It never ceases to amaze me how things manage to come through our doorways and what type of journey the museum objects take in order to return back home. You hear the word ‘provenance’ a lot in the research and museum world. We are experts here on the genealogy of people and places, but you might not hear as much about our work with finding the history of the artifacts in our collection. I define ‘provenance’ as the genealogy of an object, document, artwork, or a photograph. Twice now, Mangels Family documents have left this region and have had a circuitous path back to Perry County.
Archeologists, Dr. Cynthia Bergstedt and Dr. James Price are longtime patrons of the Lutheran Heritage Center. They reside in Naylor, Missouri. Cynthia’s career has included work in the Mark Twain National Forest. James’ career included his role as Chief of Resource Management for the Ozark National Scenic Riverways. Recently, they visited a flea market in their Ozark region and one of the vendors had purchased the contents of a storage locker in Jennings, Missouri. One of the documents was a framed confirmation certificate of Claus Hinrich Mangels, 11 of May, 1886. Cynthia and James were familiar with the original home region of Farrar, Perry County, Missouri, on the document and brought it here. It is a beautiful certificate template created at Concordia Publishing House in 1875. Pastor F. Schriefer, the second pastor of the “Evangelical Lutheran Salems Kirche zu Farrar” signed a beautiful pen and ink signature at the bottom of the document. The certificate template is in the German language, and the added handwritten information is also in German. The Mangels descendants are still thriving in Perry County, and I hope they stop in to take a look at this beautiful document that was saved and brought home by two friends of the museum–thank you, Cynthia & James. A “Warren-like” side note on Claus’ Family: He was the 4th child of Hermann and Katherine (Katt) Mangels. Claus had a twin sister, Maria. Claus married Wilhelmine Lohmann, and they had five children: Herbert, Talitha, Gilbert, Oscar, and Delphi. We have all of the pertinent dates for the aforementioned if you have an interest in further genealogical information. (The photo to the left is of Pastor F. Schriefer, from the Salem, Farrar Church History.)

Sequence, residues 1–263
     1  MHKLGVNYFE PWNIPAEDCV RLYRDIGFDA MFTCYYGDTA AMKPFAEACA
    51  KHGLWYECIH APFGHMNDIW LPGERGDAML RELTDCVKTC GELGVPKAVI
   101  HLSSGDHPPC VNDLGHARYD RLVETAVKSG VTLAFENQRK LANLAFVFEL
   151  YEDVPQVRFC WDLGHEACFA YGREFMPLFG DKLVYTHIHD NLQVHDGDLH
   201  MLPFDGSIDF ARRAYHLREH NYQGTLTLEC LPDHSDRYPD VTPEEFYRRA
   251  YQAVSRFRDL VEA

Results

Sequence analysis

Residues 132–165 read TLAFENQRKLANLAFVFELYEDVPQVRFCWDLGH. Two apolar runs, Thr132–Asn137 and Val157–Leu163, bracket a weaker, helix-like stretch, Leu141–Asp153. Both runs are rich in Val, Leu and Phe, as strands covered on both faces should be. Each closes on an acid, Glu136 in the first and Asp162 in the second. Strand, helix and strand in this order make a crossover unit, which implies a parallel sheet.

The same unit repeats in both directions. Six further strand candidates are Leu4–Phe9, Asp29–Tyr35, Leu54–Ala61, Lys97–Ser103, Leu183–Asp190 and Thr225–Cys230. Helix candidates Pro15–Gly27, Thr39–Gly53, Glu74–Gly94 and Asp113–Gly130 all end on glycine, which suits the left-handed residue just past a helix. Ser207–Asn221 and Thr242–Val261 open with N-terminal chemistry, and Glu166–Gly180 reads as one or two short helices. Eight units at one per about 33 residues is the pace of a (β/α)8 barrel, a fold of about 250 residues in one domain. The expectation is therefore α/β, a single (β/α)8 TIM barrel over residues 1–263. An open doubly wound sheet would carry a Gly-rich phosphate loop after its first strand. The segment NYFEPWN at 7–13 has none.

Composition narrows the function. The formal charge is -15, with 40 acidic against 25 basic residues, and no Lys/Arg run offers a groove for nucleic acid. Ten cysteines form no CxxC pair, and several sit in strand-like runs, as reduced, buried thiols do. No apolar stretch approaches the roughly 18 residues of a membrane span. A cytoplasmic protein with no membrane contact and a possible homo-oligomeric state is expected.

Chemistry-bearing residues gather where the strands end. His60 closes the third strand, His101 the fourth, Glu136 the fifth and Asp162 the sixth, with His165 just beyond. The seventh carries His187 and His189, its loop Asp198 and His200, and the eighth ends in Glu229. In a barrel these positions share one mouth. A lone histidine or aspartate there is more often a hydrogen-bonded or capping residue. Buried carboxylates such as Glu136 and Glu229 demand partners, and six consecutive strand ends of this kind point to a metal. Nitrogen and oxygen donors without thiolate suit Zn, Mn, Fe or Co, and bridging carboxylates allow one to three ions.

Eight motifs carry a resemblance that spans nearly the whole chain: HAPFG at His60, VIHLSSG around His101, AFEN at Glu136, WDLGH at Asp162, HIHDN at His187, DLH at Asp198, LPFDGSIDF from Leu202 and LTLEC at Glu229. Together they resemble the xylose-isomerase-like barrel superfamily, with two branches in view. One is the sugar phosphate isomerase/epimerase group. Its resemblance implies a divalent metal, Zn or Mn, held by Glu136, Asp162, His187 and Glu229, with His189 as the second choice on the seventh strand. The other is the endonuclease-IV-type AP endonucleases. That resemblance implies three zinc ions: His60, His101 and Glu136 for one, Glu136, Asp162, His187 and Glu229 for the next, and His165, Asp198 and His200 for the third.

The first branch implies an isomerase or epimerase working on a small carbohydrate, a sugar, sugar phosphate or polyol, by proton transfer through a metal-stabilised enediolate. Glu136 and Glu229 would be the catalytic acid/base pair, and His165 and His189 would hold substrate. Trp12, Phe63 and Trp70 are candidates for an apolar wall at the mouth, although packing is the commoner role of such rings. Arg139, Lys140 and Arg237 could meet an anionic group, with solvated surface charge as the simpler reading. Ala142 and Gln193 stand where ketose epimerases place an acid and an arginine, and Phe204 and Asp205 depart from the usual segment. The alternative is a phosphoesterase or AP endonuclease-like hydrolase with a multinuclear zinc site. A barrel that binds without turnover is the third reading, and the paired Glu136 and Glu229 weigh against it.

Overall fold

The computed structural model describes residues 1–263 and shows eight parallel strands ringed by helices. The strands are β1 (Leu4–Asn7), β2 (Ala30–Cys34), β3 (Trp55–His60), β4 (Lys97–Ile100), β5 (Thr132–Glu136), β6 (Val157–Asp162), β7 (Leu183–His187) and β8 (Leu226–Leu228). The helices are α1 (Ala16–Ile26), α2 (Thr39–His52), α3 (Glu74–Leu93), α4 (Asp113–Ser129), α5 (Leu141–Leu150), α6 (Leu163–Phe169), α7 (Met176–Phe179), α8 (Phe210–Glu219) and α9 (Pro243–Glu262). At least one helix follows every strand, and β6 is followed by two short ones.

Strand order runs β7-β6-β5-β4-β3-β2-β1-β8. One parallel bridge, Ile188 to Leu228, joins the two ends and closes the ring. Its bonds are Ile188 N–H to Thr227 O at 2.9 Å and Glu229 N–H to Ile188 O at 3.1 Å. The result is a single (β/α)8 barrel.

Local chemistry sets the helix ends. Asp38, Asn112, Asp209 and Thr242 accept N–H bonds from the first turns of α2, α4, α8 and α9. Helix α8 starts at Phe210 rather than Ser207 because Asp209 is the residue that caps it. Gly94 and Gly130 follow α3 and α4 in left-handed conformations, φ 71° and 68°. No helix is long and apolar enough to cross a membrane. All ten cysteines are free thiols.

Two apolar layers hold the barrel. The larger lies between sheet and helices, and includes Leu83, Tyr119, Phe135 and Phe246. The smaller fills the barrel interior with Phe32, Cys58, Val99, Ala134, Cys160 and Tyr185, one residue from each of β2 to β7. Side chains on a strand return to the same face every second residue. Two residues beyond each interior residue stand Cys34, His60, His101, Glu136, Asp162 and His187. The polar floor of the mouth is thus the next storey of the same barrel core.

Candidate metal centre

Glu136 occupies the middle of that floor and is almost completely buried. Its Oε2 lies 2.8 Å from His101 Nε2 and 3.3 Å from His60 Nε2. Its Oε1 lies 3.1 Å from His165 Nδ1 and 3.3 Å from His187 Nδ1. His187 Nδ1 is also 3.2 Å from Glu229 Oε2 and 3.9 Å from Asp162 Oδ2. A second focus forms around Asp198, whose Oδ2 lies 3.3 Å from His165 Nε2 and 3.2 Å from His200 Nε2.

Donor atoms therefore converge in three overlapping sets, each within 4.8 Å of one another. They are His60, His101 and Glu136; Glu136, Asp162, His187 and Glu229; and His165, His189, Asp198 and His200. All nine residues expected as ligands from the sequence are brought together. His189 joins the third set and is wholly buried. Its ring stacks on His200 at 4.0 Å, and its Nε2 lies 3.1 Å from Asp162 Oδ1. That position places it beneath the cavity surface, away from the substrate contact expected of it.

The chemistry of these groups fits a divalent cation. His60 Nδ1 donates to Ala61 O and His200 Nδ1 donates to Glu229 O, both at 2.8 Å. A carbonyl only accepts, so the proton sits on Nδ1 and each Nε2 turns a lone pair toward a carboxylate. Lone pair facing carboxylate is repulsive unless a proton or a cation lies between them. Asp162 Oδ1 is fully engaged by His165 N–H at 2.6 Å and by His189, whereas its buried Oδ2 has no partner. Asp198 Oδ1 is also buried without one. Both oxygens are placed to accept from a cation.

This morning in our staff meeting, the research team shared with me a story of another Mangels family confirmation certificate that traveled back to our site. It is fascinating to me that these fragile paper documents have survived 133 years of traveling across the country–stored in attics, basements, and trunks. They are beautiful, and full of family research history. We have an entire archival storage drawer with baptismal, confirmation, and wedding certificates. This story has motivated me to create a special exhibit for 2020 featuring these treasures. If documents could talk, these would have many stories to tell of their beginning in East Perry County, their journeys across the country, and their return to where they started, “There’s no place like home.”